5) Regulatory bypass: Editing the genomes of crops and trees is not new, and debates over the pros and cons of genetically modified (GM) plants have gone on for decades. What makes CRISPR different from other methods of agricultural genetic engineering is that it no longer requires the insertion of foreign DNA into the plant. Hence traditional GM crops/organisms would no longer classify as transgenic.

Ethical concerns

  • In November 2018, a Chinese researcher in Shenzen created an international sensation with his claim that he had altered the genes of a human embryo that eventually resulted in the birth of twin baby girls.
  • This was the first documented case of a ‘designer babies’ being produced using the new gene-editing tools like CRISPR.

1) Safety

Due to the possibility of off-target effects (edits in the wrong place) and mosaicism (when some cells carry the edit but others do not), safety is of primary concern.

2) Informed Consent

Some people worry that it is impossible to obtain informed consent for germline therapy because the patients affected by the edits are the embryo and future generations. Bioethicists also worry about the possibility of obtaining truly informed consent from prospective parents as long as the risks of germline therapy are unknown.

3) Justice and Equity

As with many new technologies, there is concern that genome editing will only be accessible to the wealthy and will increase existing disparities in access to health care and other interventions. Some worry that taken to its extreme, germline editing could create classes of individuals defined by the quality of their engineered genome.

Regulation in India

  • In India, several rules, guidelines, and policies are notified under the Environment Protection Act, 1986 to regulate genetically modified organisms.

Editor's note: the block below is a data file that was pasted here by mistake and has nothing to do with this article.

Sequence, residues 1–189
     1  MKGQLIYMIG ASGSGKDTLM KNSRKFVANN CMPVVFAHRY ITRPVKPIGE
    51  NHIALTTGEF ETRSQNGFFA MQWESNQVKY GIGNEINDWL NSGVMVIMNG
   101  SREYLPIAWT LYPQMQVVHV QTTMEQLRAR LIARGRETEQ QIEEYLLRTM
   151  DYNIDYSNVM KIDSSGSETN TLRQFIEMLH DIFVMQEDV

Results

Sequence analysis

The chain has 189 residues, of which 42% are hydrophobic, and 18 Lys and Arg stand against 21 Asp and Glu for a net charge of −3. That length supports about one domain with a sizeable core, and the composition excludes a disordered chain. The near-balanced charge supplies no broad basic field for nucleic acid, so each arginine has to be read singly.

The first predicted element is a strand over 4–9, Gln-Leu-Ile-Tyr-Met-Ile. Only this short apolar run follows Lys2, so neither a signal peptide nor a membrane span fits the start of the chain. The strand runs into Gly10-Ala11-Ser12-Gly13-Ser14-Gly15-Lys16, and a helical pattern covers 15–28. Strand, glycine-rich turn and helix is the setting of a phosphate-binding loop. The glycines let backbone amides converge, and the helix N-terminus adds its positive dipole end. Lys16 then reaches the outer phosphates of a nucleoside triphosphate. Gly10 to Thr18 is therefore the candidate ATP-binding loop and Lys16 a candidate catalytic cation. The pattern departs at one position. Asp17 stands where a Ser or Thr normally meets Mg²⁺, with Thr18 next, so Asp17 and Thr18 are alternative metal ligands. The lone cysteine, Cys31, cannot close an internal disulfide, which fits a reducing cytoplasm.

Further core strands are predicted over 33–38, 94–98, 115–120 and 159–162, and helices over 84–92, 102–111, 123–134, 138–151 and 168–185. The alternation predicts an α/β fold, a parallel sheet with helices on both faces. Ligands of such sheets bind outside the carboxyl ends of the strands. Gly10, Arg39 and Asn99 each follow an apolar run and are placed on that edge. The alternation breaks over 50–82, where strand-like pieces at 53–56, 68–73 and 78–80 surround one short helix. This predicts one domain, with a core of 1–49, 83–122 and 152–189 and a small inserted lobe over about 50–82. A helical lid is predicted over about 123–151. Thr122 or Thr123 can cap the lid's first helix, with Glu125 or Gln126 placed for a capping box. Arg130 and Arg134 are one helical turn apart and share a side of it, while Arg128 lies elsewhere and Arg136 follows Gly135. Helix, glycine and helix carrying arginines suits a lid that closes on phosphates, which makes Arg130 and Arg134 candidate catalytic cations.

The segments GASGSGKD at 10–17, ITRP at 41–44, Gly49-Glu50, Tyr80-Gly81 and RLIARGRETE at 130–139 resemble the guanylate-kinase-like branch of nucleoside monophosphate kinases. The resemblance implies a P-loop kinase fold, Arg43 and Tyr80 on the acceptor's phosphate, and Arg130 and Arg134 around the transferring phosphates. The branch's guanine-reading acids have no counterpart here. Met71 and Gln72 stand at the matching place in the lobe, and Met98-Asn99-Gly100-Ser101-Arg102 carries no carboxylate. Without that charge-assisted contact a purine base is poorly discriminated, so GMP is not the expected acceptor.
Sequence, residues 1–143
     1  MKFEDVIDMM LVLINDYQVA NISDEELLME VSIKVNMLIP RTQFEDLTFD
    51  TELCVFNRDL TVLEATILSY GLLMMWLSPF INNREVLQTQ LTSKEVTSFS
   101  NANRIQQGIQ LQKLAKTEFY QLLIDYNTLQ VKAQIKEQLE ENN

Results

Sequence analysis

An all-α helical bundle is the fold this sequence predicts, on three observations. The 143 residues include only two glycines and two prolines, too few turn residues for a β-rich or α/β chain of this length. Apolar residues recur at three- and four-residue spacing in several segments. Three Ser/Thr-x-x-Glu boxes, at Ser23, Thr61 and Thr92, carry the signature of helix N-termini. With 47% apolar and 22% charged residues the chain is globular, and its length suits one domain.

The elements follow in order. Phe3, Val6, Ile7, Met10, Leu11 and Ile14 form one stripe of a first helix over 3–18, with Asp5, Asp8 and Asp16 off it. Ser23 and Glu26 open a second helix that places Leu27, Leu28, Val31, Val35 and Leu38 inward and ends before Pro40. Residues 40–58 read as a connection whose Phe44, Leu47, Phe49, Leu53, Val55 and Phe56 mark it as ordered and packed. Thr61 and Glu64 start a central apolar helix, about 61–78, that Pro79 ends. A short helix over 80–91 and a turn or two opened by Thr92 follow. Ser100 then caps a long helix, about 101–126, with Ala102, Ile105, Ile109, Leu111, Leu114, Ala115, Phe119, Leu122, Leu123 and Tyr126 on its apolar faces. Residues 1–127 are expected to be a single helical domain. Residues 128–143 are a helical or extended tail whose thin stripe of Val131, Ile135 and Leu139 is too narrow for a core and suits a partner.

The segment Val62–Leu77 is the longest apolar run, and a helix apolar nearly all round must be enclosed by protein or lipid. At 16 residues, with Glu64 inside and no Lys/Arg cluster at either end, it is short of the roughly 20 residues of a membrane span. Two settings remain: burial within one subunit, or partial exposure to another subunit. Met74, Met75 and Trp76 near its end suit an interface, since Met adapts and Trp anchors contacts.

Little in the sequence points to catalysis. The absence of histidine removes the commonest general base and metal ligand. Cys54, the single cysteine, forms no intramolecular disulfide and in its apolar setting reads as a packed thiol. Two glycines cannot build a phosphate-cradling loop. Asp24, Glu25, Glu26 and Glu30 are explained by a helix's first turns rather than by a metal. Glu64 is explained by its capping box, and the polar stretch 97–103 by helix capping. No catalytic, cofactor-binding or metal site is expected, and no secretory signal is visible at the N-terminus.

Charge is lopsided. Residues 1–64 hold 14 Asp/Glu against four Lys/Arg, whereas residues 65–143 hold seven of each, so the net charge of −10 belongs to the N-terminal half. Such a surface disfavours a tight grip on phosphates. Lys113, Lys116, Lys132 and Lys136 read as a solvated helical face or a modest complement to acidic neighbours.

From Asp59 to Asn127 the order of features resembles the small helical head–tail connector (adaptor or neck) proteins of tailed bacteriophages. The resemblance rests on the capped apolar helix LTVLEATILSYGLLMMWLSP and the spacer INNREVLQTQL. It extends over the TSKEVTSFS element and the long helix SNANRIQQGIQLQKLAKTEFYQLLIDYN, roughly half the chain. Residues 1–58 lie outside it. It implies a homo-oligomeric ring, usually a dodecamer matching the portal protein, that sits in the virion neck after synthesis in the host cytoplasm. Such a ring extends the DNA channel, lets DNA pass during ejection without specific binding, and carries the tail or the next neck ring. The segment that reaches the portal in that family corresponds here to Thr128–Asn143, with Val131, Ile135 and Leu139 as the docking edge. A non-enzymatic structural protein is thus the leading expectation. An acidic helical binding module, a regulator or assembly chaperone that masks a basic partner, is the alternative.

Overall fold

• The above Act and the National Ethical Guidelines for Biomedical and Health Research involving human participants, 2017, by the Indian Council of Medical Research (ICMR), and the Biomedical and Health Research Regulation Bill implies regulation of the gene-editing process.
  • This is especially so in the usage of its language “modification, deletion or removal of parts of heritable material”.
  • However, there is no explicit mention of the term gene editing.

Way forward

  • CRISPR technology continues to mature, and existing systems are being engineered to contain innovative capabilities.
  • The potential benefits of such revolutionary tools are endless.  Currently, this is difficult because many international laws discourage or ban such research and/or inhibit its funding for certain types of investigation.
  • Thus, wide spread and reliable data about benefits and risks are unavailable.
  • Going forward, many support establishing an organization that will decide how best to address the aforementioned ethical complexities.
  • Many countries have advocated for the development of an international and interdisciplinary “global observatory for gene editing.”
  • However we must not forget that the risk cannot be justified by the potential benefit.

Conclusion

  • Genetic ‘determinism’ holds that the DNA sequence is the prime cause of all human traits, normal and abnormal (health and disease). We should do away with this idea, very first.
  • It will take years before the CRISPR system is ready for prime time and clinical use.
  • An important issue in its research is that benefits must be greater than risks. Here greater attention needs to be placed on risks, since they may damage living beings or the environment.
  • Concerning its regulation, it is time for our policymakers to come up with a specific law or put out guidelines for conducting gene-editing research giving rise to modified organisms.
  • The principle of solidarity and consideration of the public good deserve far greater consideration in making sure that these rapid advances become shared benefits for all. This should be our ultimate goal.

Try this question from our AWE initiative:

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References

https://www.civilsdaily.com/news/nobel-prize-in-chemistry-for-crispr-technology

https://www.thehindu.com/opinion/editorial/scissoring-the-dna-the-hindu-editorial-on-2020-nobel-prize-for-chemistry/article32806854.ece

https://www.embopress.org/doi/full/10.15252/embr.201541337

http://www.bu.edu/khc/files/2018/10/CRISPR-Ethics-reading.pdf